The LSU baseball team will have a month of practice to sort out the rest of its roles when it reconvenes in January.
But as fall practice winds down with the conclusion of the Purple and Gold World Series on Sunday and a final practice Monday, coach Paul Mainieri is starting to get a clearer picture of what the 2014 Tigers will look like.
He knows newcomers Danny Zardon and Kramer Robertson are capable enough at second base that he won’t have to tinker with the veteran left side of his infield.
He knows the outcome of the battle at second base and the crowded competition at catcher will have a domino effect that will help sort out the first base, left field and designated hitter spots.
He has a shorter list of candidates to pencil in behind Aaron Nola in the starting rotation, and he may have settled on his closer.
Sure, much is still to be decided between now and the season opener Feb. 14 against the University of New Orleans in Alex Box Stadium, but for a team that has just three pitchers and four position starters who were part of the College World Series participant last season, the fall workouts have provided an opportunity to see which newcomers are best prepared to fill in some of the holes.
“Zardon was very consistent offensively and defensively the first three weeks, though not quite as consistent the last couple of weeks,” Mainieri said. “Robertson you could see from the beginning he had a lot of talent, but he was very erratic. He’s improved the last two weeks, and it’s really competitive at second base.”
Before the start of the fall, Mainieri suggested he would reluctantly consider moving shortstop Alex Bregman or third baseman Christian Ibarra to second if need be.
He sees no need now.
“I’ll put the left side of our infield against anybody in the country,” Mainieri said. “I’d be crazy to break it up.”
LSU does not have a natural first baseman on its roster, and Mainieri said whoever doesn’t win the second-base job could be one of several candidates to play first.
“We’ve played six or seven guys at first base in the fall,” Mainieri said.
Another candidate at first is junior-college transfer Conner Hale, who was recruited as a third baseman in case Ibarra signed professionally after last season.
The competition at catcher likely will yield one or more candidates at first. Mainieri said the four-man competition behind the plate “has evolved” though it’s still pretty tight.
Mainieri said Tyler Moore “has probably been the best,” though junior-college transfer Kade Scivicque and Chris Chinea are close behind, and Michael Barash is in the mix.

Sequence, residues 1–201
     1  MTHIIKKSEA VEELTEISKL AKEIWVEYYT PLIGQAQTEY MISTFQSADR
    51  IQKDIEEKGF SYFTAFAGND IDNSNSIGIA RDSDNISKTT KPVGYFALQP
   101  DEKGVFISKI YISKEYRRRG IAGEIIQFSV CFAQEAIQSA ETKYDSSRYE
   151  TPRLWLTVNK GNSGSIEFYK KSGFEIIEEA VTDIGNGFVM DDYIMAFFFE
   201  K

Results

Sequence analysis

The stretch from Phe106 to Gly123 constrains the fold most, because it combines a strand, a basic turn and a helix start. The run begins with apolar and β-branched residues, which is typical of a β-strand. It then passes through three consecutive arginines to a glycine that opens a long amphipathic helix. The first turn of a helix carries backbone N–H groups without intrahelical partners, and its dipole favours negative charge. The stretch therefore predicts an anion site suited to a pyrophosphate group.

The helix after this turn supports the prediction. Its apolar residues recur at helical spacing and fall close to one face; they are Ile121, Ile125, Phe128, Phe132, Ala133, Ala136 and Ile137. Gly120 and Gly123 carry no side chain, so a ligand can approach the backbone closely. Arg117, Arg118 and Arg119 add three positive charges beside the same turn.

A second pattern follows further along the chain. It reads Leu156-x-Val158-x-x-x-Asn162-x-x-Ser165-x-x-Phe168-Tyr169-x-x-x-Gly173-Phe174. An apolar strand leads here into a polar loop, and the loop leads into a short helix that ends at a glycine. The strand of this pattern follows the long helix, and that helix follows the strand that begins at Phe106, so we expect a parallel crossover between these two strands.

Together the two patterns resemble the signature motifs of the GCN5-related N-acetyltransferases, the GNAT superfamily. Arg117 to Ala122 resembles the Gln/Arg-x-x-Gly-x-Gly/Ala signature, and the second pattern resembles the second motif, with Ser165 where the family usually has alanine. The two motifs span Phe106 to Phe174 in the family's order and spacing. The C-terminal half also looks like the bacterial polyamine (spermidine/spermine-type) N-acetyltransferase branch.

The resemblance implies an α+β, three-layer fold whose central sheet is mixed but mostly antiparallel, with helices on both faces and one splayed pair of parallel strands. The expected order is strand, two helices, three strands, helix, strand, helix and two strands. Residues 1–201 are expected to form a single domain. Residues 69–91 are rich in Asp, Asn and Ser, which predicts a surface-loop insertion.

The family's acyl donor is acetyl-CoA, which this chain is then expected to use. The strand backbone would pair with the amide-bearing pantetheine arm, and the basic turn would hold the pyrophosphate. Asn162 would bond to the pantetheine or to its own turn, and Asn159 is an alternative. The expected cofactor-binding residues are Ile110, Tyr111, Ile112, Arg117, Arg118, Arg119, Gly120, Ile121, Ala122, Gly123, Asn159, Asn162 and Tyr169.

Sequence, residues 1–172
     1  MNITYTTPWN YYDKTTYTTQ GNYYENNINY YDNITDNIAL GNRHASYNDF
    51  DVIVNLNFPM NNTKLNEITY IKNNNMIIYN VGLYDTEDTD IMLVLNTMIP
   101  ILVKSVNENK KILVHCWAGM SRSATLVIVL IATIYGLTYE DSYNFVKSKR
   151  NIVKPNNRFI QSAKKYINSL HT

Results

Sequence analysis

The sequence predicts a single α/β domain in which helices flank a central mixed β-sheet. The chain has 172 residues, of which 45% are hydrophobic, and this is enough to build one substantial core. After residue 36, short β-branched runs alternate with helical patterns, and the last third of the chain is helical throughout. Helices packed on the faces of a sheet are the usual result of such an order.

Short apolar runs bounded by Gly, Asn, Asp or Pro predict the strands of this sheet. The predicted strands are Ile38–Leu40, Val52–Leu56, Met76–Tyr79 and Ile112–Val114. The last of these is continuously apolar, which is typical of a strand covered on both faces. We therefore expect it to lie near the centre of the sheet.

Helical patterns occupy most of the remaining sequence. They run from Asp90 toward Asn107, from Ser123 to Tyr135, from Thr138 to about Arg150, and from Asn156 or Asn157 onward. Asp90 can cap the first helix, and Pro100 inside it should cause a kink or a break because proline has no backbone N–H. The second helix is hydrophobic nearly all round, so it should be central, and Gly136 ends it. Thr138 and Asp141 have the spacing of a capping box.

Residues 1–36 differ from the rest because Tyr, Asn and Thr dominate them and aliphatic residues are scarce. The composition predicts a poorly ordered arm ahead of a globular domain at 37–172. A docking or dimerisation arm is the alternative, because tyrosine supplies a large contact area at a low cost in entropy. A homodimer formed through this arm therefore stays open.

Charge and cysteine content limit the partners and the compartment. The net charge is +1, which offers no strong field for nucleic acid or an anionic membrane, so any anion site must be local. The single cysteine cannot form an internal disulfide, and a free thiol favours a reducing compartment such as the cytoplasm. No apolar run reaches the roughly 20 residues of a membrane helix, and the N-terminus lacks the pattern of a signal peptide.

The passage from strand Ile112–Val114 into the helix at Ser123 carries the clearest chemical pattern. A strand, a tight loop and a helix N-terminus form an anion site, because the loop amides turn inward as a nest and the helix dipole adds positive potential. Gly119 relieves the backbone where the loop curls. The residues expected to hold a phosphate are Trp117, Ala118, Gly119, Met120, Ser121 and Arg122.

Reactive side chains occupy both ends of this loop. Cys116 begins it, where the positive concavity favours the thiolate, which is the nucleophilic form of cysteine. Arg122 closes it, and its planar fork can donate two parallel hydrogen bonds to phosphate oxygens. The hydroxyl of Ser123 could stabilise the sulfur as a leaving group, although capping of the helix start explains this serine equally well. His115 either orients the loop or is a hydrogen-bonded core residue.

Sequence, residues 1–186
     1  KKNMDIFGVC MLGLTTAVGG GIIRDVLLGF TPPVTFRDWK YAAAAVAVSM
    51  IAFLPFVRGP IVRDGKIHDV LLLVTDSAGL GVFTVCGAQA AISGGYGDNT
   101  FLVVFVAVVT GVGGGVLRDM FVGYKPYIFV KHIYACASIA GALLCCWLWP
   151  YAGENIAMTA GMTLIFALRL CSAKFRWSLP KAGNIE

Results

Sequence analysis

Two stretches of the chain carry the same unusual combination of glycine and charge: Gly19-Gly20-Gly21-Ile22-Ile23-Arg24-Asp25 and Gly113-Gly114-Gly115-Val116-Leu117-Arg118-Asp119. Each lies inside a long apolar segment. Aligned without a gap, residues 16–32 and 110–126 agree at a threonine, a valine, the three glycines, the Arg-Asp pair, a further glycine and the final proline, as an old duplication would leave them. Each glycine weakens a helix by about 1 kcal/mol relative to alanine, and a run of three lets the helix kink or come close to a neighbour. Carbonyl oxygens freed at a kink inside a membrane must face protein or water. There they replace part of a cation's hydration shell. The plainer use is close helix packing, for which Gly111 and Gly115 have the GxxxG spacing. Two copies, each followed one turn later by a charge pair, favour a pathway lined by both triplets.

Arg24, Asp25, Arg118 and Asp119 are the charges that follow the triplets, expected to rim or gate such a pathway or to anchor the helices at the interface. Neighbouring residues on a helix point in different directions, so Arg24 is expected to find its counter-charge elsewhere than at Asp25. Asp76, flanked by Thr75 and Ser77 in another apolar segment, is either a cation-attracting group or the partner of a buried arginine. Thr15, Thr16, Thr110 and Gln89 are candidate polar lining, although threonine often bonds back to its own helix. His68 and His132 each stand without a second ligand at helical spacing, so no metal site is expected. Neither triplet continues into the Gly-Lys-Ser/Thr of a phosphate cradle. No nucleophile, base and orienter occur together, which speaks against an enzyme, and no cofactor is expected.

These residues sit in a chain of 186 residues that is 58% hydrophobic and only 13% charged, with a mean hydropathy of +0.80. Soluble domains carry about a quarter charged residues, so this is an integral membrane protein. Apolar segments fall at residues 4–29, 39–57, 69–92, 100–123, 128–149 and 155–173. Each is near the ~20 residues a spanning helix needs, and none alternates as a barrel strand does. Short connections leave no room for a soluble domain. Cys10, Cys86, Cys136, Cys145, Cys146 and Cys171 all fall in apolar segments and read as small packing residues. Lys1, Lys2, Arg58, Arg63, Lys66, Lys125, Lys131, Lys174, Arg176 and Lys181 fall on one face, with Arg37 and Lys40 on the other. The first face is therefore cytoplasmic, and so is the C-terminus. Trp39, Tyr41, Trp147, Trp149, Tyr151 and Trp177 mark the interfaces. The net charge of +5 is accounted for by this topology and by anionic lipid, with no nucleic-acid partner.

“We’ll probably have more of a team effort there,” Mainieri said.
Mainieri said veterans Sean McMullen, Chris Sciambra and Jared Foster are competing in left field to join center fielder Andrew Stevenson and right fielder Mark Laird in the starting lineup. McMullen, the incumbent designated hitter, likely will either retain that role or grab the left-field spot.
Robertson, who Mainieri called an “electric player,” has played some left and could be in the mix.
Mainieri said the pitching staff “has made big strides.”
Before the start of the fall, Mainieri said the only pitching role that was certain was that of reigning Southeastern Conference Pitcher of the Year Nola as the Friday night starter.
After watching more than a month of practices and scrimmages, Mainieri said Cody Glenn likely will be a weekend starter, and Hunter Newman was competing to be another before being sidelined by “a little strain in his shoulder.”
“Cody has matured, and our hitters and (pitching coach) Alan Dunn all say Cody is improved, and he has a good shot to be weekend starter,” Mainieri said. “I’m disappointed that we had to shut down Hunter Newman. He threw very well in the few outings he had and looked like a bona fide weekend starter. He may still be a weekend starter. He’ll be ready in the spring.”
Senior Kurt McCune is another candidate, as is Joe Broussard, whose “velocity is back up” as he returns from Tommy John surgery.
“I’d love to see Kurt McCune finish his career at LSU with a flourish,” Mainieri said. “Joe Broussard has had some inconsistency, but he’s also had flashes of brilliance.”
Nola, Glenn, McCune, Broussard, freshman left-hander Jared Poche and junior college left-hander Kyle Bouman were chosen to start during the Purple and Gold World Series.
Mainieri said Brady Domangue, who was briefly sidelined by a dislocated knee cap before returning, is the top candidate to be the closer.